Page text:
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Stephen Shankland

Staff Writer, CNET

SANTA CLARA, Calif.–Sun Microsystems has raised the possibility that it might offer customers its own database, a move that could trigger displeasure at Oracle but curry favor with open-source advocates.

Chief Executive Scott McNealy offered the provocative idea Wednesday at a meeting of influential financial analysts at Sun’s headquarters here. During a speech, he showed a slide that placed the words “Sun DB” next to a list of existing database products.

McNealy offered no details besides “stay tuned,” but Sun President Jonathan Schwartz indicated in an interview that database software is one possible way Sun plans to extend into new open-source software realms.

“I think it’s clear the market has spoken that open source is the path that the developer community and the customer community wants to drive down, and I think we’re going to do what we can to try to give customers as big a set of options as we can,” Schwartz said. “I don’t think it’s going to be limited to simply operating systems. Maybe it will extend to file systems, maybe it will extend to databases, maybe it will extend to middleware.”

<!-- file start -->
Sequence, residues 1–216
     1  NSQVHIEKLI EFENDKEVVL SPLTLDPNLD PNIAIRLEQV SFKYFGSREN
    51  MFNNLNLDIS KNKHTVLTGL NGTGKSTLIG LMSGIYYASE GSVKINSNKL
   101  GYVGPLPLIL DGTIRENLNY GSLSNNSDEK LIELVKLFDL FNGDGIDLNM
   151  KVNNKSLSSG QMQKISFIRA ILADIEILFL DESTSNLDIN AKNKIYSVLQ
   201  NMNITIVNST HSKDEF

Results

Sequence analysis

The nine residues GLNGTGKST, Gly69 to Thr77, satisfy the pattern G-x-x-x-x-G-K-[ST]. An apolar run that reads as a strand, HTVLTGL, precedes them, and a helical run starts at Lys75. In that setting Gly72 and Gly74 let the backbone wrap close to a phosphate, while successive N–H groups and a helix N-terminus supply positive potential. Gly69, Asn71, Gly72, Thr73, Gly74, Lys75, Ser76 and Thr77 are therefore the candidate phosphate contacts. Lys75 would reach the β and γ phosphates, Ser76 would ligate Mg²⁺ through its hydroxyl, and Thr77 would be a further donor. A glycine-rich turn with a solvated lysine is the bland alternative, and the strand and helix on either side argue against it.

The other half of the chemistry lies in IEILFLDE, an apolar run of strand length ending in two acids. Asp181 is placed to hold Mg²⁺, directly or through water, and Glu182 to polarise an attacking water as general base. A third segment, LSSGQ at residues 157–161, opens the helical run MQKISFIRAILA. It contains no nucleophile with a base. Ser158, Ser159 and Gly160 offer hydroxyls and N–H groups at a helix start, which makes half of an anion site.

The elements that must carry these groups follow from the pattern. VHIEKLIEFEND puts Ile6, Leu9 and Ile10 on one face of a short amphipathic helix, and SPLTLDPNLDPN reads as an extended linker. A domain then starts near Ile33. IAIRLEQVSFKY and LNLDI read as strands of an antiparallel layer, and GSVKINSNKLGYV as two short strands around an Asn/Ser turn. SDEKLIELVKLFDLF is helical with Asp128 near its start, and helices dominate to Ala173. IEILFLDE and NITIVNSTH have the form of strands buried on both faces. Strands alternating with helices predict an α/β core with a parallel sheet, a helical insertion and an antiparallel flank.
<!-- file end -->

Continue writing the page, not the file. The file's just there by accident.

William Hurley, an analyst at Enterprise Strategy Group, believes Sun will eventually offer a database to flesh out its server software suite. But a direct fight with Oracle CEO Larry Ellison would be foolhardy and unlikely.

“I would counsel strongly against them acquiring database technology to go head-to-head with Oracle,” Hurley said.

If Sun chooses a partnership for a database, one company stands out from the alternatives: Computer Associates International, which is working to bring more attention to its 30-year-old and now open-source Ingres database. “We have ongoing efforts with Sun, and some of those efforts include Ingres,” said Tony Gaughan, senior vice president of development at CA.

Unlike rivals IBM and Microsoft, Sun has no database software to sell in a $13.5 billion market that Oracle leads, according to IDC.

Lacking a database is significant given Sun’s argument that customers want to buy a package of integrated technology rather than parts that must be assembled. Instead, Sun relies on a tight partnership with database giant Oracle.

Offering an open-source database that competes directly with Oracle’s cash cow might not sit well with a major business partner that also has strong partnerships with Dell and Hewlett-Packard. But Sun has shown a willingness recently to tussle with Oracle.